10. Jon Scanlan

    Jon Scanlan That Kiwi Charter Member I Support TFP Senior Member

    No, The idea is you loose lay over the ceramic tiles. If this product which I think both are the same. The times I have laid the Gerflor loose laid I have just cut it in a fraction of an inch short so it lays flat. The times I have glued the vinyl to the subfloor it will show every imperfection even though the backing is thick. Here we use a concrete type product to smooth the ceramic tiles as long as the tiles a solid
     
  11. Frankie321

    Frankie321 Member

    Thanks again, Jon.
    As a fellow Australasian, is the Tarkett ID 50 Excellence Click, something you have heard of? I'm wondering what the equivalent Tarkett product in the USA or Europe.

    I can't find any reviews of ID 50 Excellence Click, or verification of the Tarkett Australia representative's claim that it is the same technology as Tarkett's highly rated Permastone but in a wood look.

    True this is not a comfort vinyl, but this is the other alternative we're considering, to use this for its better wearability and truer wood look, and then put rugs in the walking paths (such as in the center of the foyer) for some cushioning.
     
  12. Jon Scanlan

    Jon Scanlan That Kiwi Charter Member I Support TFP Senior Member

    Sorry I can't help you there as I haven't had anything to do with these click products but I would guess the names would be the same world wide. Just imagine ordering a product name here and then its called something else in another country. Imagine what one could get :)
    As a PS How larger area are we talking about, house lot, kitchen, bath toilet?
     
  13. If you are looking for comfortable flooring that can be installed over ceramic tiles, a cork floating floor can be looked into. So long as the tiles are stable and relatively flat (no high-points at corners) a 1ft x 3ft plank should be able to be installed straight over top. Sadly my company does not service Australia, but most of our competitors (Torlys and Wicanders) certainly do.

    If the grout lines are too deep, you may have to add a bit of cementatious filler (to get a smoother surface) but I bet dollars to donoughts that will be needed with any form of vinyl...floating or other wise.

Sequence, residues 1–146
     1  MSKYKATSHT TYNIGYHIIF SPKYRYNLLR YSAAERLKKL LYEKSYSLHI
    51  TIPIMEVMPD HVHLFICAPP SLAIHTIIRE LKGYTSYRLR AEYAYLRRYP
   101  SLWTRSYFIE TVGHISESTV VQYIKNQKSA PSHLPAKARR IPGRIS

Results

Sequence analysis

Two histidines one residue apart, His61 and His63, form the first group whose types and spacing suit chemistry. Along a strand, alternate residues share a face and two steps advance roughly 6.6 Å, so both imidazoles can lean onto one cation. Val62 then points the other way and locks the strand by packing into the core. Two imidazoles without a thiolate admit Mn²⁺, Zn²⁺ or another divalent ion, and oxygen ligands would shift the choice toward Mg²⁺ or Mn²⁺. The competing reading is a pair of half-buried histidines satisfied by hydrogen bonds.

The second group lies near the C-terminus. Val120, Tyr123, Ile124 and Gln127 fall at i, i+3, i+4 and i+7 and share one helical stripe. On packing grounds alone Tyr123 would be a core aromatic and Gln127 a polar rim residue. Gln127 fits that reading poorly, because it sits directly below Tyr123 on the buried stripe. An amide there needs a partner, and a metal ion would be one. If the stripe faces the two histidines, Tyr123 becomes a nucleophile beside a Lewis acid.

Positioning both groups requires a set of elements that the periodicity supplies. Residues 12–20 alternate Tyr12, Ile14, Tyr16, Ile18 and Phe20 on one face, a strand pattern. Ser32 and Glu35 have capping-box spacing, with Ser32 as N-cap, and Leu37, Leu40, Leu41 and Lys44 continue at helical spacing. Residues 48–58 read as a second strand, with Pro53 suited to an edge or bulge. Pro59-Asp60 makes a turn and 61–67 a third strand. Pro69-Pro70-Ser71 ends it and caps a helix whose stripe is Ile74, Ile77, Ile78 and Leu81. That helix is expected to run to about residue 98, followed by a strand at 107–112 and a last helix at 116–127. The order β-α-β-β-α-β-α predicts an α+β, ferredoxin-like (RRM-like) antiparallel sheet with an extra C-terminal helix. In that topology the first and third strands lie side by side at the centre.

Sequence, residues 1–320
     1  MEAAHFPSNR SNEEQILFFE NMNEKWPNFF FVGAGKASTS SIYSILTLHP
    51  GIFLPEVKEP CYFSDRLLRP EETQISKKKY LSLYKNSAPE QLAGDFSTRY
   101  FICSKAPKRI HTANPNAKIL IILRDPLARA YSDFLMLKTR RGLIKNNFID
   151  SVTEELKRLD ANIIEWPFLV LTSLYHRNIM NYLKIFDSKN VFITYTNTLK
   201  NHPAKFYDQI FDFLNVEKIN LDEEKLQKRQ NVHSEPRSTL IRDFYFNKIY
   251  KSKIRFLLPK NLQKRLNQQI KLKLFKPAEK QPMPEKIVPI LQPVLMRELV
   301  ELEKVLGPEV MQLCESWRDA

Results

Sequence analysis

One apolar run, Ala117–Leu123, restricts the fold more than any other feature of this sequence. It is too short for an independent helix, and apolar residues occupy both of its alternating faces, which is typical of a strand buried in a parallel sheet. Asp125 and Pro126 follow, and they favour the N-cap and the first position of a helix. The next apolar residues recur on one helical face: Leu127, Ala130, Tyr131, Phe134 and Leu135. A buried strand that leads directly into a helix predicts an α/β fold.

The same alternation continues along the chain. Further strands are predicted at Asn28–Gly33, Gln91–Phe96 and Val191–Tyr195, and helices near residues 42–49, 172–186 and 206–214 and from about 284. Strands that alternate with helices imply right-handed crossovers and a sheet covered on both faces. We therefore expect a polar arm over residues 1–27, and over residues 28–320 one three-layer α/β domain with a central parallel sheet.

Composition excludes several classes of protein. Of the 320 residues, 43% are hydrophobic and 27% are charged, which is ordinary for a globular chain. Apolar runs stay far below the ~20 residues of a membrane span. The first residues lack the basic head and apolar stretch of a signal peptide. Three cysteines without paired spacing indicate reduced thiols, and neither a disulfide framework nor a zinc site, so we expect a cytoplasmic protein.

It is an option...an outside option as the "wood look" would turn into "cork look" but the colour range (light oak) would certainly fit the bill.

    Just thinking outside the box here.
     
  14. Incognito

    Incognito No more Mr. Nice Guy! I Support TFP Senior Member

    Cork flooring is COOL!

    I think it's a very viable option you ought to look at.
     
  15. The cushioning with cork is "built in". You don't have to worry about "underlay" and all that jazz. A floating floor can be put down just about anywhere (smooth and flat = 3mm floor deflection over 3ft). The 'slapping' shouldn't be much of a concern as the cork planks have a built-in underlayment.

    The "give" to cork actually comes in the reduction of vibration as you step on it as well as it's insulating value = warm in winter and cool in summer. Definately 'barefoot flooring'.

    It won't be cheap...but the level (commercial grade) of flooring your looking into at this point isn't cheap either.

    Torlys has a great set-up in Australia/New Zealand. Have a look into their product. I've heard that "CorkArt" also has reps down under. They don't have the selection of Torlys, but if "natural" oak is your colour range then they should be able to service you quite nicely.
     
  16. Frankie321

    Frankie321 Member

    Thanks for those recommendations to cork. Was a bit worried cork wouldn't last with meals rooms chairs being pulled in and out from the table often several times per day, but will have a look into it.